Public have say on Kirksanton nuclear plant

A community is expected to turn out in force at a public consultation to discuss plans for a nuclear power station on their doorstep. The Department of Energy and Climate Change will hold an open exhibition on January 21 and 22, 23 in Millom detailing proposals to build the plant at Kirksanton. A public discussion will then take place on January 23 to let the public have their say.

Villagers and business owners nearby have objected to the plans. They say the plant would lead to a loss in tourism and slump in house prices. Michael Wills, leader of the Kirksanton campaign group, set up to fight the proposals, said: “Most of the village and the group will be going along. Obviously we are still objecting for the continued reasons we always have done.

Millom Town Council has backed the plans for more nuclear power plants in West Cumbria and said the construction would bring jobs, a knock-on economic boost and improvements to the roads. Deputy mayor, Councillor Doug Wilson, who works at Sellafield, said: “The council is in favour of the development, providing there is full public consultation. I am in favour of a nuclear power plant in the area, but my favoured site is near Sellafield. If that land was not chosen by the government and the only option left was to build at Kirksanton, or not at all, I would be supportive of the development at Kirksanton.”

The land at Kirksanton was bought by energy company RWE npower last year. It estimates the power plant would create around 1,000 permanent jobs, helping workers settle into the likes of mechanical engineering careers and chemical engineering careers.

Alison Chappell, head of nuclear development for RWE npower, said: “We’re pleased the government is holding these events to explain its process for determining where new power stations could be built and take local opinion on board. Our site at Kirksanton is potentially a very good one for a new nuclear station which would bring a major economic boost both to the Millom area and to West Cumbria as a whole. We haven’t yet made a decision on whether and when we might develop but we intend to keep people updated on our plans.”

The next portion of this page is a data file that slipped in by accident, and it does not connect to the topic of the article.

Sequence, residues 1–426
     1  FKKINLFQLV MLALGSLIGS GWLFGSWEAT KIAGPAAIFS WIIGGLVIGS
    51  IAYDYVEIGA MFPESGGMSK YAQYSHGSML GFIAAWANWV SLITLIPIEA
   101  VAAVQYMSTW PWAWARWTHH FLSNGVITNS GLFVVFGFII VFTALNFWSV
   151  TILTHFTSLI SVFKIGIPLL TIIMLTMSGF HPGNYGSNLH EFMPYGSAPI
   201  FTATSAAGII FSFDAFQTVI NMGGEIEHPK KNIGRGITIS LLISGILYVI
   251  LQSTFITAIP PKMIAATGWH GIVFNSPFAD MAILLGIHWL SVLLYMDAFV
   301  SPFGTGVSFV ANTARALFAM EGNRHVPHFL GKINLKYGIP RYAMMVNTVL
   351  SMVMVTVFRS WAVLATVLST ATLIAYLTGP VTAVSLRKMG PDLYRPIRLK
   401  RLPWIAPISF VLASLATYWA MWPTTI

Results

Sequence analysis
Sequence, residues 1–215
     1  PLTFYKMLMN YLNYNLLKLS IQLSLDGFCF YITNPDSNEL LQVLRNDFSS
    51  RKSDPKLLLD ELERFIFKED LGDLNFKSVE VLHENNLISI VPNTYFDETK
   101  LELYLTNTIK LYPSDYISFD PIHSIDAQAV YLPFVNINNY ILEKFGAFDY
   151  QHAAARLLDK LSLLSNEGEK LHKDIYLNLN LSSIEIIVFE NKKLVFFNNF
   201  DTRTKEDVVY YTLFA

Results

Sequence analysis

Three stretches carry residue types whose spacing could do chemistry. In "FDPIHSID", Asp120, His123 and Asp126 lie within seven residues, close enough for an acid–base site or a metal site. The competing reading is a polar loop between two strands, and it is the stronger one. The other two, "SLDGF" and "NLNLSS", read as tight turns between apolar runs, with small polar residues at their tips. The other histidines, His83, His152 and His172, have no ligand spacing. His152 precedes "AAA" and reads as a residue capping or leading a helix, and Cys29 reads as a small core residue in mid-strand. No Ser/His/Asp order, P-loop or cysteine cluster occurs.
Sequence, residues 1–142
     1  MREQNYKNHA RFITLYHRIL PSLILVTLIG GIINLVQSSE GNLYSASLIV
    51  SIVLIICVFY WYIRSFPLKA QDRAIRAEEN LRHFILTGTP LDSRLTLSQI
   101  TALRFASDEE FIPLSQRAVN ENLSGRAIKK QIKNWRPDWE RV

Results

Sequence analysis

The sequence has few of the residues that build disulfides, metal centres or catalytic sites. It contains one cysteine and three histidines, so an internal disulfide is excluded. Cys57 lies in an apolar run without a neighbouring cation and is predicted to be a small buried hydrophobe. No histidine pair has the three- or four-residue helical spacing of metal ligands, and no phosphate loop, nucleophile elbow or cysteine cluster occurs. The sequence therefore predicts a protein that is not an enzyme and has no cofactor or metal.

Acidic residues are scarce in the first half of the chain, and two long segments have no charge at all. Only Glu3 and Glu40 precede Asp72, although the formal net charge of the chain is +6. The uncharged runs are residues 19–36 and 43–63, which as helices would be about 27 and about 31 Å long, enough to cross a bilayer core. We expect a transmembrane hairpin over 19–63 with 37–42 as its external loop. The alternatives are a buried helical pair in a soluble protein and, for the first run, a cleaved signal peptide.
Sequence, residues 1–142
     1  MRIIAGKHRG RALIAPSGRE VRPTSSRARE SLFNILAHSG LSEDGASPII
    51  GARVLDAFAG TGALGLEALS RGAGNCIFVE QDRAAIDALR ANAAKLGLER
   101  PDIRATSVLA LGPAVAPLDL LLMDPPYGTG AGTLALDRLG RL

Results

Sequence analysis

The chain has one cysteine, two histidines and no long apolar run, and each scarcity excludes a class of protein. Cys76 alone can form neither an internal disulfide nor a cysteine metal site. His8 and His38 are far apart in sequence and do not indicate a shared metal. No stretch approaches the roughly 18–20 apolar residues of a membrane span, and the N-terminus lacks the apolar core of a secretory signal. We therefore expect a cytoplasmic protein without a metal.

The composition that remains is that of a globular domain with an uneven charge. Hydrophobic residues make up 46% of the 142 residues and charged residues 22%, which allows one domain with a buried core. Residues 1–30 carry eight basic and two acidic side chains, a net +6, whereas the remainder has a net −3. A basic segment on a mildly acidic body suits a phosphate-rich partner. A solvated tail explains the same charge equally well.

Cumbria County Council held public meetings with representative from RWE npower earlier this year. A spokesman for DECC said: “Cumbria is a world leader in nuclear technology and expertise and can continue to play a big part in helping the UK transform its energy sector, replacing old infrastructure with high tech, low-carbon energy sources. It’s essential that local people get involved and make sure their voices are heard.”

The Kirksanton farmland, at Layriggs, is one of three sites in West Cumbria nominated for a new nuclear power plant. It joins Braystones, near Egremont, and land close to the existing nuclear power plant at Sellafield as potential sites. The three were on a government shortlist released last November, which also named seven other sites across the country for similar developments.

Despite the opposition to the new nuclear site, there is no denying the benefits it could have on the area as a whole. More long-term jobs would be created, which would bring more people to the area, which in turn would increase house prices, not drive them down as some have claimed. Millom and the Kirksanton area will become places where people can settle down with a secure livelihood through such mechanical engineering careers and chemical engineering careers that would be created.

We accredit the North West Evening Mail for the inspiration for this article.

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